Having beautiful skin was something I desired for the longest time possible.
Beautiful to me meant having clear skin, being thin, being desirable. I clearly remember waking up to breakouts as a teenager thinking what the hell are these bumps on my face?! Being the only minority in high school, the peer pressure to fit into my surroundings saw me dabble in unrealistic avenues in achieving beautiful.
Around 17 years old, I recall walking into department stores housing various skincare brands looking for a solution. With several choices, I was overwhelmed as this experience added another complexity. My first experience of racial discrimination (in beauty) as the salespersons exact words were we do not carry anything for your skin type I walked out confused. By this point, I had powered through almost all major drugstore brands, and nothing seemed to work. With limited information, I was at a dead end.
Not giving much thought to what I was eating growing up as my parents always had a variety of food in the house. I experienced exotic food choices and became accustomed to them.
Around 2014 I decided to explore my lifestyle further as I met one of my best friends who is a professional dancer. Her lifestyle was foreign to me as this was the first time I had heard of how certain foods affect the skin. Still unsure of this notion, I resorted to beauty services which she recommended. You name it, I had it done, and by this point, I got a part-time job for a renowned French skincare brand. I was now using $350 serums used to treat burn patients and moisturisers made for my skin. I still remember not feeling any resolution as the thousands of dollars spent over three years did not give me perfect skin.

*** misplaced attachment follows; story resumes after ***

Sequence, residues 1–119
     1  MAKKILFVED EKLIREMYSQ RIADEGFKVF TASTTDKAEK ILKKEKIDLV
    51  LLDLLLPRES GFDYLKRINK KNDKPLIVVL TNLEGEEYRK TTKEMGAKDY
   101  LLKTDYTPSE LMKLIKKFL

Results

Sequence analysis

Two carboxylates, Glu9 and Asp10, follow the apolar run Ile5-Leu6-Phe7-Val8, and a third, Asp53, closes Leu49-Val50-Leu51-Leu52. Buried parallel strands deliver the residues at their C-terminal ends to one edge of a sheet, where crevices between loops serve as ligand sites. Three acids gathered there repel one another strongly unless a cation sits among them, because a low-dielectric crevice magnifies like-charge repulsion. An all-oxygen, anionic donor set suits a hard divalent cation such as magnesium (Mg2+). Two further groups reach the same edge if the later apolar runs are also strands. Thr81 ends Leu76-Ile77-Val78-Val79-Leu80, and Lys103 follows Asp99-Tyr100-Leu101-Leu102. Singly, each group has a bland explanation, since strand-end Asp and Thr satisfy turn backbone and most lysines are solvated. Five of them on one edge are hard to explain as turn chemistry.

I now resorted to concealers to mask minor pigmentation on my skin. With a boost of confidence, I started researching holistic ways of living. My partner at the time influenced my lifestyle as we mindfully select what we consumed and keeping fit and healthy.
Slowly recognising the inconsistency of information provided to me over the years, I was outraged realising the amount of money I had spent on “high end” cosmetics products and procedures which weren’t appropriate for my skin and completely sucked into the marketing of buying into these unrealistic ideas.
A little older and wiser, I continue to refine how I approach my health and wellbeing as my relationship with my body has changed. This shift and awareness also extends deeper and motivates me to align with organisations like HOM. The definition Beautiful has changed for me. Now 27, I use my experience to educate others to challenge these beauty standards as we are all unique.